Anyone who knows me knows that I would need a hand written gilded invitation to go for a run. It’s so difficult for me to get up and do cardio. I always say that I could walk The Ring to Mordor, but don’t expect me to run after the ice cream truck.

To quote Ann Perkins from Parks and Recreation:
jogging is the worst

For those of us with chronic mental health issues, the cost is a lot greater than not. Cardio is an important tool in recovery and management. I know for me personally, cardio specifically can have as big an impact on my symptoms as medication and therapy. Basically, if I don’t exercise, it’s like trying to drive a car with only three wheels attached. It might start and try to go but it won’t get very far.

When people talk to me about their anxiety and depression I usually ask if they are exercising regularly. For some people depression and anxiety can be controlled with diet, exercise, and therapy and does not require medication. For others, like me whose symptoms can be a bit more extreme, exercise is a critical tool that needs to be added to others like therapy, medication, diet, socialization, and adequate rest.

It’s not a secret that clinical depression responds well to exercise. Studies have been done that clearly illustrate a correlation. Anxiety responds well too and according to the Anxiety and Depression Association of America the following is true:

“Scientists have found that regular participation in aerobic exercise has been shown to decrease overall levels of tension, elevate and stabilize mood, improve sleep, and improve self-esteem. About five minutes of aerobic exercise can begin to stimulate anti-anxiety effects.” (Source)

Many of you probably already know these things. Like I said, it’s not a State Secret. Getting the motivation is a different story. Especially if you are like me and when your depression and anxiety get the best of you it is easier to take a nap than it is to take a walk.

To be honest, I have to sneak exercise into my day. I will park in a far spot and get my heart rate up walking briskly into the store. I will take my dog for a short walk around the block, “So he can stretch his legs”. Taking multiple trips up and down the stairs is helpful. Doing stretches during the commercial breaks while my family watches TV is another sneaky thing I do. I try to invite friends to do active things with me. Asking someone to go on a hike instead of go see a movie is a great alternative. Instead of sitting and chatting, going on a walk around the neighborhood is always a nice change.
Including friends in my more active plans has been an excellent way to motivate myself to move. I can always sit at home and watch a movie, but going to a trampoline park or window shopping is more fun with company!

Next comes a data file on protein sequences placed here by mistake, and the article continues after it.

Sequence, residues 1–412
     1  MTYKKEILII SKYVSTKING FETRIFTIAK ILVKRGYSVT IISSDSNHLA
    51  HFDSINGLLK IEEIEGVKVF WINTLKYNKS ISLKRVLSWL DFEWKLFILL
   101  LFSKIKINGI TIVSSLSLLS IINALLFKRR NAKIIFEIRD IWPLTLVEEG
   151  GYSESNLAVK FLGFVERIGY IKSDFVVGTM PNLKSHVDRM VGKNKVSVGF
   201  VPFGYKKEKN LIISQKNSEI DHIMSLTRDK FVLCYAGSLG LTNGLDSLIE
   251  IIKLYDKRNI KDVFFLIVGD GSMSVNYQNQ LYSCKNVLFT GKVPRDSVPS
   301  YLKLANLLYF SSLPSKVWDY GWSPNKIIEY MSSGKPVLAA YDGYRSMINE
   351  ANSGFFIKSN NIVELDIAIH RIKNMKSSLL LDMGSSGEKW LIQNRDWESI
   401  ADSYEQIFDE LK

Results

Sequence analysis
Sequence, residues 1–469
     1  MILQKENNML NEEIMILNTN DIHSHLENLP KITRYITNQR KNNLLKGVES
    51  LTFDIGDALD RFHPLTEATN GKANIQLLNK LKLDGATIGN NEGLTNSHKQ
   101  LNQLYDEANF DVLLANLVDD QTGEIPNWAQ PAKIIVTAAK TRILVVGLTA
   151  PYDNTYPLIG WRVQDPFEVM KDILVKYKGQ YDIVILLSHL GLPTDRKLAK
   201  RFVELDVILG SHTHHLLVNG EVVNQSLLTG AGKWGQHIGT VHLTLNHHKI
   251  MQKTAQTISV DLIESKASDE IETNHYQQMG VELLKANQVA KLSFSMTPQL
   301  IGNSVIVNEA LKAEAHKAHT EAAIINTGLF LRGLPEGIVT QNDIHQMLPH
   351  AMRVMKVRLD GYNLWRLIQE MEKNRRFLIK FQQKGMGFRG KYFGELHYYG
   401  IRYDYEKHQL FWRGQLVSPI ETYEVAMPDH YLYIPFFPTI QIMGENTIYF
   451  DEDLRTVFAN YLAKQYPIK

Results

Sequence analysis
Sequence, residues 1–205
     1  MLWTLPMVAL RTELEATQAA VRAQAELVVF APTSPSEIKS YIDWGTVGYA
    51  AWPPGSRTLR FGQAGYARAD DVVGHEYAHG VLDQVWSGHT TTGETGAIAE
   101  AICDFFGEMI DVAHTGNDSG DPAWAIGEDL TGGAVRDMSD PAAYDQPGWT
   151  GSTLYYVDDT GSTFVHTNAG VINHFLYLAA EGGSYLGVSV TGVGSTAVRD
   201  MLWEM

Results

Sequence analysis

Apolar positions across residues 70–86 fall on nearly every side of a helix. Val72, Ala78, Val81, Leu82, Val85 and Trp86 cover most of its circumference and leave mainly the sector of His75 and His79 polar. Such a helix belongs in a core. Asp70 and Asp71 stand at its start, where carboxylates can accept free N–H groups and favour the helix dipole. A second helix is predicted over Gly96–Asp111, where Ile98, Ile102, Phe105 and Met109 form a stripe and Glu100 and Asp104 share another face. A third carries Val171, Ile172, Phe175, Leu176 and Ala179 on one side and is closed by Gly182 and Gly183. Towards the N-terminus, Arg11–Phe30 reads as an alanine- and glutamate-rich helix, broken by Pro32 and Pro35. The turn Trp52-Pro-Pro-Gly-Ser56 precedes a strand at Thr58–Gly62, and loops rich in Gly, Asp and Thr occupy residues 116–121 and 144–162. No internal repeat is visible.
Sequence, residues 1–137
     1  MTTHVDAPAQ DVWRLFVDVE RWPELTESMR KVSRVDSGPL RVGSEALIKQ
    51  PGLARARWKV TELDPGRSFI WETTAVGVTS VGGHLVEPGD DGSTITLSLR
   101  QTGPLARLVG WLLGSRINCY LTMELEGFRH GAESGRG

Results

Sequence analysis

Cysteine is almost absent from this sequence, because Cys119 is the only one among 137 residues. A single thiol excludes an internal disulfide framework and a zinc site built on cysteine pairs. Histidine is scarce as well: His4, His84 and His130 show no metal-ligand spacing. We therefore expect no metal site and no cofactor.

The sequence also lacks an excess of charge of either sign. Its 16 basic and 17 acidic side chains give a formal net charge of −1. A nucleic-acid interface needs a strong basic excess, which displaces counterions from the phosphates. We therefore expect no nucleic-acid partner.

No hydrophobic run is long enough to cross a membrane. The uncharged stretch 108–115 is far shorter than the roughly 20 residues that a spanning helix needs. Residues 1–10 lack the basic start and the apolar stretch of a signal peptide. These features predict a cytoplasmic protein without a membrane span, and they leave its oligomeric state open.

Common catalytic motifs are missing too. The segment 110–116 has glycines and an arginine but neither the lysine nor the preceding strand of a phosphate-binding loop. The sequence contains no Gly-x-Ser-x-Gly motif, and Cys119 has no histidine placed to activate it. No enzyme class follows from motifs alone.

There are apps that reward you for being active too! Charity Miles donates money to your favorite non profits (be on the look out for Rethink Trauma)! Zombies, Run!, is an app based game that can make your runs more fun and a little scary! Couch to 5K is great for people who need a solid plan to build up to running.

If you are like me and you can’t run for miles — thanks bad hip! — then you can get your heart rate up in other ways. Swimming, playing frisbee, biking, and hiking are good options. Recreation league sports like kickball or softball can be great ways to socialize and exercise, both of which are helpful aids to fight clinical depression.

Yoga, Tai Chi, and other martial arts are excellent ways to practice mindfulness and get exercise too! Yoga helps me avoid dissociative episodes, manage stress, get my heartrate up, and keep my hip healthy.

If you need a walking buddy, stop by a local animal rescue or talk to a resuce organization. See if a nearby shelter or foster family wouldn’t mind letting you take a pup along! The answer will most likely be yes.
Volunteering with after school programs is another sneaky way to get exercise! You can hang out with kids at your local YMCA or Boys and Girls Club and play basketball or other sports and do something good with your exercise time.

Before you begin any exercise program you should talk to your doctor. Speak with your prescribing physician or pharmacist about how your medications may affect your blood sugar, heartrate, and blood pressure, as these can change rapidly when exerting yourself.

When I’m at my worst, walking is my main form of exercise. I’ll even call a far away friend on the phone and won’t stop walking until our conversation is done. I try to move at least a little on days when I’ve had a day-long panic attack. Being in a tensed position for hours on end is not nice to my body. Making sure that I rehydrate and stretch my muscles prevents injury and helps me reclaim my day.

There are too many different ways for us to exercise for us to keep making excuses. It is so easy to make up reasons. I am the Queen of Excuses to Not Exercise. I may not be able to do a full hour of an aerobics class without crashing for the next two days, but I can manage twenty minutes on the elliptical without dying –even if I may dramatically tell you that I am.

For those of us with chronic mental health issues, we need to take exercise as seriously as we take medication and therapy. You wouldn’t skip a day of meds so don’t skip a day of exercise. You wouldn’t go to the therapist and say nothing so why let that treadmill just take up space in your house?
Don’t beat yourself up if you fall behind and remember to listen to your body and take it one day at a time.

Exercise doesn’t have to be serious and planned out either. It can be a walk with friends or playing tag with your little cousins. Find ways to be more active and go from there. Remember, just five minutes can begin to relieve stress!



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anxiety, depression, exercise, health, recovery, therapy